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Former State Biologists Want Division of Wildlife Conservation Head Replaced

Megan Baldino / KTUU-TV / March 22, 2010

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Former state biologists and supervisors are requesting that Corey Rossi, pictured here, be replaced as the head of the Division of Wildlife Conservation. (File/KTUU-DT)

Former state biologists and supervisors are requesting that Corey Rossi, pictured here, be replaced as the head of the Division of Wildlife Conservation. (File/KTUU-DT)


John Schoen, a former Fish and Game biologist, says Rossi isn't even qualified to be an entry-level biologist with the Department. (Bill Costello/KTUU-DT)

John Schoen, a former Fish and Game biologist, says Rossi isn't even qualified to be an entry-level biologist with the Department. (Bill Costello/KTUU-DT)

ANCHORAGE, Alaska -- Nearly 40 former state biologists are requesting that the head of Alaska's Division of Wildlife Conservation, Corey Rossi, be replaced because he's not qualified for the position.

Rossi has only been at the helm of the division for about a week.
"I'm disappointed," said John Schoen, Ph.D, one of 39 former state biologists mobilizing this week to oust Rossi.

"It seems to us that we should hire someone who has at least the experience of an entry-level biologist," Schoen said.

Schoen and other former state biologists drafted a letter and sent it to Alaska Department of Fish and Game Commissioner Denby Lloyd and Gov. Sean Parnell.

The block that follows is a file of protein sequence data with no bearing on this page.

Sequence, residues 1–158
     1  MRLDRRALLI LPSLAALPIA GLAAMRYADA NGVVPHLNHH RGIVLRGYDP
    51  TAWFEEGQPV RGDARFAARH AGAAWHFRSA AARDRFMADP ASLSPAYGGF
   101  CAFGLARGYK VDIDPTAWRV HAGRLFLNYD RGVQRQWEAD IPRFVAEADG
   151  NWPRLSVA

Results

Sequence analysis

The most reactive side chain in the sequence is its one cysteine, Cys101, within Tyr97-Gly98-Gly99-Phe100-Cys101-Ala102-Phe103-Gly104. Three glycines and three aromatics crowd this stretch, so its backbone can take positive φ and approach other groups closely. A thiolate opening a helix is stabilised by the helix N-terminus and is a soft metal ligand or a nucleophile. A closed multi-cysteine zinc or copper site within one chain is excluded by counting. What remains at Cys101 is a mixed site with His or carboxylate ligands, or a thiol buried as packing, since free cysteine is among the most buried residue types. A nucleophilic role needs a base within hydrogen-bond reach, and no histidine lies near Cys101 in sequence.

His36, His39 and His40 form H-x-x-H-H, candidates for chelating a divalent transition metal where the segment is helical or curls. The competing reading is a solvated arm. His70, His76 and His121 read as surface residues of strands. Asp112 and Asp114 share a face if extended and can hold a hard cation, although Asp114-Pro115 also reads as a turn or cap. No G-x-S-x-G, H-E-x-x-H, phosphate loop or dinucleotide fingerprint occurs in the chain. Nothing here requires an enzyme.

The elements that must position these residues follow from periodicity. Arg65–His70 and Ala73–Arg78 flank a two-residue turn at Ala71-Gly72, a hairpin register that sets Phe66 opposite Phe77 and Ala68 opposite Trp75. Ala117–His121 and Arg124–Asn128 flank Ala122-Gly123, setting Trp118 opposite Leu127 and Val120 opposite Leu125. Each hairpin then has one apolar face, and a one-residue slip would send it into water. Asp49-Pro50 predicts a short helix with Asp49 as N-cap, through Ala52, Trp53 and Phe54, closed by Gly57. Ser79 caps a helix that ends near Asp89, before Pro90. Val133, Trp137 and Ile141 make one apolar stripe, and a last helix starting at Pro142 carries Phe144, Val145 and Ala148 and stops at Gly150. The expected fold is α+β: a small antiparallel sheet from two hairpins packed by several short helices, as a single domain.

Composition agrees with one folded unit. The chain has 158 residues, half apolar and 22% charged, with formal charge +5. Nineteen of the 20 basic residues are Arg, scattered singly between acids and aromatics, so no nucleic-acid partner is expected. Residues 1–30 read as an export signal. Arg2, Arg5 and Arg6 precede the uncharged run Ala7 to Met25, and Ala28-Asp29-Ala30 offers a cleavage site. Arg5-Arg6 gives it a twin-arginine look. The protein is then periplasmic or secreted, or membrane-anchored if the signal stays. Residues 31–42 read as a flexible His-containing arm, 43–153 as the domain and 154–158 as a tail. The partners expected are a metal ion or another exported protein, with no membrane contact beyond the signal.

In the letter, they say they are "deeply concerned about the direction the division is heading in managing Alaska's wildlife resources".
Their concerns heightened with Rossi's appointment. They say he is a "single issue advocate," and that the leadership change is a signal that "professional management will be replaced by a simplistic abundance management model where maximum production of wild game meat is the state of Alaska's single overriding objective."

"It's a very single oriented direction and the department really needs to manage wildlife as a public trust for all the people of the state; that's actually in the mission statement of the Division of Wildlife Conservation," Schoen said.

The biologists warn that if Rossi remains in his position it will erode staff morale, result in resignations and reduce public support for state wildlife management.

On Rossi's resume, no college degree is listed, but he does refer to several college courses and says he qualified through distance education to be a federal wildlife biologist.

He also lists years of service with the Alaska Department of Fish and Game and U.S. Fish and Wildlife.

Phone calls to Lloyd, the Department of Fish and Game and Rossi were not returned Monday night.

Contact Megan Baldino at mbaldino@ktuu.com

 

 

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